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Hermes Submission

Winner: Columbus Metropolitan Library
Client: Columbus Metropolitan Library
Title: CML’s 2011 Summer Reading Club
Category: 34c. Integrated Marketing Campaign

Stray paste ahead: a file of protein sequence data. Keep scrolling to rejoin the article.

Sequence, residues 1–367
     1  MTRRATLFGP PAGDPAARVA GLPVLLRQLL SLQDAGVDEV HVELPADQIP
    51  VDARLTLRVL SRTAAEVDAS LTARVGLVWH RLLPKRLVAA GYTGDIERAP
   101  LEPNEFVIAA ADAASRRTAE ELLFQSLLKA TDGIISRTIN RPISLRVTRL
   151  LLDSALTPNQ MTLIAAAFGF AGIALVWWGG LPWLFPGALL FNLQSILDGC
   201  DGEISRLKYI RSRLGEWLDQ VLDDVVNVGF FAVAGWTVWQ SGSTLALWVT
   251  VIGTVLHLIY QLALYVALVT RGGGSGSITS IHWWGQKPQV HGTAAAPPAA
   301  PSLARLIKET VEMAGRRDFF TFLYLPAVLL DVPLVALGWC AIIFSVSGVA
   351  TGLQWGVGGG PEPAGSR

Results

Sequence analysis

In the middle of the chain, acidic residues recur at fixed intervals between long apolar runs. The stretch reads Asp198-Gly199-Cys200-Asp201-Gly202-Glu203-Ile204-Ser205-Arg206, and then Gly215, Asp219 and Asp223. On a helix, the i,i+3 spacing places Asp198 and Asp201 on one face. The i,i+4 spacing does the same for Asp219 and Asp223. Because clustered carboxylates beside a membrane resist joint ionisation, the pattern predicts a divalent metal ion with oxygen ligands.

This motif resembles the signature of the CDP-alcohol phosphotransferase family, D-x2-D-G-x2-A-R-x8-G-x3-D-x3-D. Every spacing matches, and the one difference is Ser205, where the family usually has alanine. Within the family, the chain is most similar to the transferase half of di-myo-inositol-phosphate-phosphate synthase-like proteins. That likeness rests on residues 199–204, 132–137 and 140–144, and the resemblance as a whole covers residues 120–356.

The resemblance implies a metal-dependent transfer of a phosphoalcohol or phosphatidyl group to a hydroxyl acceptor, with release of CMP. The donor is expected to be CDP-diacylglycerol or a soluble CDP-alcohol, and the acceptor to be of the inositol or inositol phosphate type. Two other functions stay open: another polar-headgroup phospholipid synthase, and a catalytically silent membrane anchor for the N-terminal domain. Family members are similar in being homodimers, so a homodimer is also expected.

With dvd’s, computers, Internet, ipods, gaming, and cable television within easy grasp of most kids, reading would seem to be lost among the competition for attention.  When’s the last time anyone went to a public library, especially a child?  The Columbus Metropolitan Library faced a daunting task–get people reading again.  The Summer Reading Program built a fully integrated campaign around the theme, “Be a Hero. Read”.  The CMS reached out to the community using social and traditional media.  Logos, graphics, and celebrities also were brought into the marketing mix. The creative campaign resulted in a 20% increase in participants.  Almost 90,000 kids, teenagers, and adults signed on to be ‘heroes’.  Reading is alive and well in Columbus, Ohio. Community Heroes YouTube page